visit motorgeek for ideas of how to turn this into a very expensive project
So, I'm thinking of doing something foolish and trading in my beat-up 2004 DD for a 20 year-old Audi 80 non-Quattro.
After dealing with 30 year-old VWs, I feel I could take on...a lot more stuff.
I remember when these were new, and hearing horror stories about haywire electrics and prematurely-blown turbos (n.a on this one). However, I never drove one.
Were these just over-exaggerated rumors done by people who traded in Nissan Maximas for an Audi and then selling it a year later? Or should this specimen have been crushed years ago?
(P.S - I love the Eurotrash hubcaps)
Last edited by Maggiolone; 05-10-2012 at 01:05 AM.
I like these cars. They don't have a lot of the issues that plagued type44s. If you're willing to work on it yourself, and possibly diagnose electrical things as they come up you should be good. Motors run "forever", and they don't rust. I really hope it's not an automatic...
Previous: 91 CRX Si / 93 S-10 / 99 Neon ACR / 87 325e / 90 Accord Coupe
It's technically has the same motor other than a different intake manifold, are the transmissions realy that different?
if it has the sport button, its a 4 speed, so its better than the old 3 speed, mine always got 30 mpg.... autos do suck, but B3 audis are my favorite car ever, the 5 cyl is damn near indestructable, galvanized bodys that almost never rust,
oh and the only common problem with the trans is the seal that seperates the diff housing and planetarys, it will leak and cause the gear oil to leak into the trans and will starve the diff,ask me how i know.... but if you check the fluid level on a regular basis you should be fine....
All autos can "suck," but I have a stick-shift for weekends and I do the bulk of my driving in the city and in winter. Thus, I can live with it, and I doubt another one of these 80/90s will show up in my area for sale ever again in original condition, let alone with a stick shift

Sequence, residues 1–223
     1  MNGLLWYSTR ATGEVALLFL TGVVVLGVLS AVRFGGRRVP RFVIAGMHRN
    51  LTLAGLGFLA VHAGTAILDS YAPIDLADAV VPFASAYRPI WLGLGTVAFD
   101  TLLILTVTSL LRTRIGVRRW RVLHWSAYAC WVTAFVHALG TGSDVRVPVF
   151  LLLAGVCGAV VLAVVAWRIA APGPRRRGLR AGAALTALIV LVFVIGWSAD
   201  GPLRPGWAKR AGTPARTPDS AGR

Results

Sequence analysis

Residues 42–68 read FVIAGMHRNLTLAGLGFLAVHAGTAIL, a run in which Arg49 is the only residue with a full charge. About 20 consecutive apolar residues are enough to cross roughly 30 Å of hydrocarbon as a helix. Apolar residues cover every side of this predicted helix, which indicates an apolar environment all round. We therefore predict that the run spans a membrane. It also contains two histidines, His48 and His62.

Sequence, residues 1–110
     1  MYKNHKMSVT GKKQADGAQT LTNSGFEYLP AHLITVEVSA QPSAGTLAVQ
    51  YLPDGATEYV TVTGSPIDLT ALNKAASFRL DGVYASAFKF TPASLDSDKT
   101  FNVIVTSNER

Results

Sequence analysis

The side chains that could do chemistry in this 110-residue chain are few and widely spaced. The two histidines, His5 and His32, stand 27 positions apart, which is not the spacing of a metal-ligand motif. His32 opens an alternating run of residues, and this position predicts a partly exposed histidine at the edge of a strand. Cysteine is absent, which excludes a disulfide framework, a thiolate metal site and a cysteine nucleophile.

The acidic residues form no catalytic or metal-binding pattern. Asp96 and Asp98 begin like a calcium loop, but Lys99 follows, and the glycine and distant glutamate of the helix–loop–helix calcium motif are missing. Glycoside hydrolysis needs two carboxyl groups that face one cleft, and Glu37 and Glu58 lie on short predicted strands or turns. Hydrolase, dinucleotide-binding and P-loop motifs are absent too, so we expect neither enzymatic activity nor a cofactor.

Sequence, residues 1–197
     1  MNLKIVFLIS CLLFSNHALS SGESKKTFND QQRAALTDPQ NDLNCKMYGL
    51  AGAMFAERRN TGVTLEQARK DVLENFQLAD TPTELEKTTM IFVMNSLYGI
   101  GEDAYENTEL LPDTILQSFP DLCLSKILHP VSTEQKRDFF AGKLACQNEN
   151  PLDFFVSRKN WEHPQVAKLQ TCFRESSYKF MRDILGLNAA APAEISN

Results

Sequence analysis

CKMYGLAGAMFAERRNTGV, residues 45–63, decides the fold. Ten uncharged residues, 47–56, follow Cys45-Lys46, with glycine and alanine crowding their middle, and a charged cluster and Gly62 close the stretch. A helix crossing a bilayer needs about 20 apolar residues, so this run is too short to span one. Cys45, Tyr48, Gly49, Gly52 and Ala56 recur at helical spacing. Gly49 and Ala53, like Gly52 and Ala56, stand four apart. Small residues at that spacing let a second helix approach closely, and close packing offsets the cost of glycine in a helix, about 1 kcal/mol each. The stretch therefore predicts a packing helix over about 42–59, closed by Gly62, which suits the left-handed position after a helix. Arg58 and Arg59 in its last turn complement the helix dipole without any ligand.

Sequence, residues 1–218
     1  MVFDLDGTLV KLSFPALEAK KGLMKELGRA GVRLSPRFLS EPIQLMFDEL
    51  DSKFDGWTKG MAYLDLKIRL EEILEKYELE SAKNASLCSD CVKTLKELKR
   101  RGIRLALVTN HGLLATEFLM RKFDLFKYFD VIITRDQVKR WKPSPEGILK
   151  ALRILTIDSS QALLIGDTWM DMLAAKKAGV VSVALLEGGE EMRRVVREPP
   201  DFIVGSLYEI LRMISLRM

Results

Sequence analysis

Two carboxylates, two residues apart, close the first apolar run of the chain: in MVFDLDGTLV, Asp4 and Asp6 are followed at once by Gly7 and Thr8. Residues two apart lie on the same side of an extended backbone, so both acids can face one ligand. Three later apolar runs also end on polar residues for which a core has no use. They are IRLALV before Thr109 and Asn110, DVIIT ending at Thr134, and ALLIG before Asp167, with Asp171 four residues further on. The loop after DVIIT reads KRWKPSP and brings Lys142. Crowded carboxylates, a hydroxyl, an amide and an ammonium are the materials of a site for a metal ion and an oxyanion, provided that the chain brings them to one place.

And it's a 5 cylinder....even if the auto is a slush box, I just prefer a modicum of driveability. This comes from someone dealing with a self-destructing Tiptronic at only 120k miles.
Do you think the fact it's a non-stick, non-awd, non-optioned model has added to its survival? I've heard the most reliable 5000s were base models without power accessories and no performance packages.
Last edited by Maggiolone; 05-09-2012 at 10:50 PM.
I miss my 90Q. The engine developed a loud lifter ticking when I finally traded it in. That was around 120k miles. The 2.2 was no powerhouse but the leather seats were great and I loved the interior. Its so rare to see these on the road (80s or 90s) anymore, but as a Bentley repair manual was pricey I was able to do some maintenance (brake pads/rotors service) with a Passat Haynes manual perfectly fine.
Great car to live with. If I could I'd buy it back in a second.
History: 1988 Audi 90 Quattro - 1990 Nissan 300ZX - 1999 Subaru Legacy 2.5 GT Anniv. Edition - 2001 VW GTI VR6
I really want it more for driveability for the money rather than power. I don't do the whole Honda-Toyota thing; I don't mind a bit of a challenge to keep my brainpower up. This one's at a decent price (under $3k).
So from my research, these 80/90s were good cars, but overlooked because of the "unintended acceleration" nonsense of the 5000. The 4000/5000s looked good but ran like garbage (my aunt had a 5k and blew a turbo at 48k miles). I'd also never buy any Audi from 1996-06, and I certainly couldn't afford a nice specimen of those.
Last edited by Maggiolone; 05-10-2012 at 04:39 PM.